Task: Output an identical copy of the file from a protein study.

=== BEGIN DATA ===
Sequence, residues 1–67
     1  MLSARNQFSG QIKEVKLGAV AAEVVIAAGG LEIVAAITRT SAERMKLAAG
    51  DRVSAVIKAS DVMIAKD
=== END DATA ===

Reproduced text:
Sequence, residues 1–67
     1  MLSARNQFSG QIKEVKLGAV AAEVVIAAGG LEIVAAITRT SAERMKLAAG
    51  DRVSAVIKAS DVMIAKD